<dirbaio[m]> you have to actively scan it. for example something like... (full message at <>)
<feerless[m]> what is opendrain output? Is that a strong 0?
<JamesMunns[m]> open drain means:
<JamesMunns[m]> "high" voltage is open circuit
<JamesMunns[m]> "low" voltage is connected to ground
<JamesMunns[m]> its something most (but not all) chips support
<feerless[m]> Is this the correct numbering for the pins?
<JamesMunns[m]> when you hold it like that, facing you, I'd guess pin 1 is on your left, closest to button "1", pin 8 is on your right, closest to button "A"
<feerless[m]> JamesMunns[m]: I added numbers to the picture but maybe they are too small to see.
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<jannic[m]> Or use which seems to solve exactly this problem.
<JamesMunns[m]> ah, yes, I think your tiny numbers match what I would guess, but I don't know for sure.
<JamesMunns[m]> Do you have a multimeter? you could check it very quickly if you have that.
<feerless[m]> I do have a multimeter
<JamesMunns[m]> Does it have continuity/"beep" mode?
<JamesMunns[m]> If yes: put it in that mode, then put your probes on pin 1 + 8, the far outside pins. press button "4", and tell me if it beeps
<JamesMunns[m]> If not, keep pressing buttons until one of them makes it beep, and tell me which one.
<JamesMunns[m]> (one button at a time)
<feerless[m]> okay, give me a sec
<JamesMunns[m]> (I think either "4" or "A" will make it beep, not sure how they count though)
<feerless[m]> with the probes on the outermost pins (1 & 8) and pressing button 4 ("A") the loop is closed
<JamesMunns[m]> Nice!
<JamesMunns[m]> Okay, now put the probes on the two leftmost pins you labeled 1 and 2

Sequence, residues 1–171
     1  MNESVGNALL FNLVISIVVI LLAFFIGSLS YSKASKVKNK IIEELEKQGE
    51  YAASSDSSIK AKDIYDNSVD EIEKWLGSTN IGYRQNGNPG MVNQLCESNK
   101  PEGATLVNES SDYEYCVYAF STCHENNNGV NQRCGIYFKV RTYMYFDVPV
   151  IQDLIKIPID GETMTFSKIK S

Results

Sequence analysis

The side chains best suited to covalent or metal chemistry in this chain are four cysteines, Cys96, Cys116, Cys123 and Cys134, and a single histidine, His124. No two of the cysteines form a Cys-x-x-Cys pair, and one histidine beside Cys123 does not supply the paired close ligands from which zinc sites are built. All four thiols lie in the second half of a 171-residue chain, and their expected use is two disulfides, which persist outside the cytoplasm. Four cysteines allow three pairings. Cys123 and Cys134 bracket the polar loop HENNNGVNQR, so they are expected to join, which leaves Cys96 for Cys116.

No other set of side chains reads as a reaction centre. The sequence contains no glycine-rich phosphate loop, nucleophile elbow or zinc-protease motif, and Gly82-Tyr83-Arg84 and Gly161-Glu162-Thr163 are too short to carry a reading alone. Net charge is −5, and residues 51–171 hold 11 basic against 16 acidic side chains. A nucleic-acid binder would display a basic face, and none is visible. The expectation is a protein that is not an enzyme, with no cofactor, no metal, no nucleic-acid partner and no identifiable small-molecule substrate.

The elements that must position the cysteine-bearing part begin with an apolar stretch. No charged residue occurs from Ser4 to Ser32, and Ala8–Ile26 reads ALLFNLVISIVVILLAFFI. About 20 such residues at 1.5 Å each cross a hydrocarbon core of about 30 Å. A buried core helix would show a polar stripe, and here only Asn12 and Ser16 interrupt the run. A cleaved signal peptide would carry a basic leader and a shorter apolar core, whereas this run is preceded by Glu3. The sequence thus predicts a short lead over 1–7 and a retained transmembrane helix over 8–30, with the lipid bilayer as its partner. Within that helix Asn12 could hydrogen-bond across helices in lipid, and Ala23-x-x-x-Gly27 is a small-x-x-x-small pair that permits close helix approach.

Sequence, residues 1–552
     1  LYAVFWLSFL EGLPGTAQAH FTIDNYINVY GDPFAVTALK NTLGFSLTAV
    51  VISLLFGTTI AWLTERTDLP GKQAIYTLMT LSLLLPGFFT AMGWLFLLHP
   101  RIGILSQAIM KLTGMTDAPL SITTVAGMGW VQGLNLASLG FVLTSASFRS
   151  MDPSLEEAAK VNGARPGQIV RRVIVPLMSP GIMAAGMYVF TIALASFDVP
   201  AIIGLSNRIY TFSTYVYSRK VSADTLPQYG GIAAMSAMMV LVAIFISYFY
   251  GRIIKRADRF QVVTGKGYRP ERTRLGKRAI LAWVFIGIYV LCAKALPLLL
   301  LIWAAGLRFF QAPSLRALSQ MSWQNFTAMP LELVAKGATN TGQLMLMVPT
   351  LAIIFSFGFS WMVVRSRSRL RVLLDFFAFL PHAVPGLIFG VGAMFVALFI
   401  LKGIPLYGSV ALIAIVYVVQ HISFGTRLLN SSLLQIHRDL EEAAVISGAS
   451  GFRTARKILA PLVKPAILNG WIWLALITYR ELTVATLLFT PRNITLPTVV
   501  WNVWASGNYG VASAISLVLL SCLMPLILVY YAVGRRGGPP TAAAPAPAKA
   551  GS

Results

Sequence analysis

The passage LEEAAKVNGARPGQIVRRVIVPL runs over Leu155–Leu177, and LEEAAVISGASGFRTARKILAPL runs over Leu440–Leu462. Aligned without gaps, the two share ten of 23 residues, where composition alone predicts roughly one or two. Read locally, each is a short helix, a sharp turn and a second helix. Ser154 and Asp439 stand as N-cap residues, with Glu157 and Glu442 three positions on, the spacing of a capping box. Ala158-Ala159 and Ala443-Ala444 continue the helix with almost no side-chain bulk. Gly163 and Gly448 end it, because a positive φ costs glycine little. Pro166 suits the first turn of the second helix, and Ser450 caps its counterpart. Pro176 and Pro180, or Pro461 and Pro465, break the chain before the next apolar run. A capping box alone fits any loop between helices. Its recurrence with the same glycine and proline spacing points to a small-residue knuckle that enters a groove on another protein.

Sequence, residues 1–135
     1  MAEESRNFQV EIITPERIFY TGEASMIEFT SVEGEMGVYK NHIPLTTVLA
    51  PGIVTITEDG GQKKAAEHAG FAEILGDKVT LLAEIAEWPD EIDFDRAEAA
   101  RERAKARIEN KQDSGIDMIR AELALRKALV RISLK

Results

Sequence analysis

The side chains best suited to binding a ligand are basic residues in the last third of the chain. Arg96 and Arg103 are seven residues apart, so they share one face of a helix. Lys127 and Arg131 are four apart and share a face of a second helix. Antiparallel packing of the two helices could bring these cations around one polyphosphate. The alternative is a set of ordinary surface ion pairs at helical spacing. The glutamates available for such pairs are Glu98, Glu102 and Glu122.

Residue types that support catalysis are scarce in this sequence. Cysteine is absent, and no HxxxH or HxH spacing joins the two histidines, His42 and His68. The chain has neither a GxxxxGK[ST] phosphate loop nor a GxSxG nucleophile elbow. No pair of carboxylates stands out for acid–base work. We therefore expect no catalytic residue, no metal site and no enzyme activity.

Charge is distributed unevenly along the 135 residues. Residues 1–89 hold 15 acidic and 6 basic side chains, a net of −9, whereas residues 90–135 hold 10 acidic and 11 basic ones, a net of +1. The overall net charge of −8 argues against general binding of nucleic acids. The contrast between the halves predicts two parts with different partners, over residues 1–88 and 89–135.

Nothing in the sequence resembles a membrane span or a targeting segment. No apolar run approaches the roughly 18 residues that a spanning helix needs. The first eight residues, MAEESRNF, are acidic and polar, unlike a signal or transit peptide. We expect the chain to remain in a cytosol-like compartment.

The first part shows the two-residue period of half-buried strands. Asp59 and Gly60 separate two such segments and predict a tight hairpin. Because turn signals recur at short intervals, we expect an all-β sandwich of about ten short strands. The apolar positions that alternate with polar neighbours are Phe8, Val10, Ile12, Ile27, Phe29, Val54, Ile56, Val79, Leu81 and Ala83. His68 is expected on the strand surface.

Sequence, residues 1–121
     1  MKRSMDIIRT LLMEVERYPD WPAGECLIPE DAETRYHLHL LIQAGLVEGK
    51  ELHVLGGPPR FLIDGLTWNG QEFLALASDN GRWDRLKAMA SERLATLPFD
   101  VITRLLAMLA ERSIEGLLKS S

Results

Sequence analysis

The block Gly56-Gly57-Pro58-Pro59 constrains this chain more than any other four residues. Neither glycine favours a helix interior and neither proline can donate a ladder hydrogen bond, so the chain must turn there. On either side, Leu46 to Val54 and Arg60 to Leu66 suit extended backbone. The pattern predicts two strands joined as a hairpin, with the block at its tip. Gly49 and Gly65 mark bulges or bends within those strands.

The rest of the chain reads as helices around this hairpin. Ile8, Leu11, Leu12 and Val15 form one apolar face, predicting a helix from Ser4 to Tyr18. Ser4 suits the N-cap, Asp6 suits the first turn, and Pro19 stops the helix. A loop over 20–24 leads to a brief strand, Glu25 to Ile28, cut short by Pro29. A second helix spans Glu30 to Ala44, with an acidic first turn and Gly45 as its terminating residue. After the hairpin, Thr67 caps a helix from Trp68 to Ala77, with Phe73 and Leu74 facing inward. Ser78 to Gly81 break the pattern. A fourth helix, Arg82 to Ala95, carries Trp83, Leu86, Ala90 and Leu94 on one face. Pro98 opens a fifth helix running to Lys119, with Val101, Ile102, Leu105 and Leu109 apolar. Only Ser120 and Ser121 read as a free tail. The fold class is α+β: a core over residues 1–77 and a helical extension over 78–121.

<JamesMunns[m]> then see which button closes the lopp
<JamesMunns[m]> s/lopp/loop/
<JamesMunns[m]> ah no sorry hold on
<JamesMunns[m]> do the one you think is 1 and 7
<JamesMunns[m]> so come in on the right side one, but not on the left side
<JamesMunns[m]> does pressing button "3" close the loop?
<JamesMunns[m]> or does button "B" close the loop?
<feerless[m]> loop is open
<feerless[m]> for all button on pin 1 & 2
<feerless[m]> which makes sense
<JamesMunns[m]> yeah sorry, try 1 and 7
<JamesMunns[m]> I read the page wrong to start, yeah
<feerless[m]> no button corresponds to 1 & 2
<feerless[m]> button 3 closes the loop for pins 1 & 7
<JamesMunns[m]> cool! so your labels were right!
<feerless[m]> So I guess the layout is 1 to 8 from left to right when viewed from the top down.
<feerless[m]> thank you James Munns
<feerless[m]> that is a neat way to determine the pin numbering
<JamesMunns[m]> yep! Notice in the other diagram where it looks backwards, they are looking at the back of the board
<feerless[m]> Still wish the datasheet were a bit better
<JamesMunns[m]> so it makes sense when you flip it and look at the front of the board, the numbers are "backwards"
<JamesMunns[m]> feerless[m]: unfortunately we all do very often.
<JamesMunns[m]> that's why it's good to learn how to verify manually whenever you can!
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<dygear[m]> jamesmunns Seems like there is a lot of that goin' around.
<dirbaio[m]> that's a quite gratuitous ping
<dygear[m]> We were talking in another server about pins not being numbered correctly.
<whitequark[cis]> the best labels in the datasheets i've seen for chips are "dead bug view" and "live bug view"
<whitequark[cis]> completely unambiguous, if a little morbid
<barnabyw[m]> “dorsal” and “ventral” are would work too
<barnabyw[m]> s/are//
<barnabyw[m]> e.g. that one amplifier chip has a dorsal bolt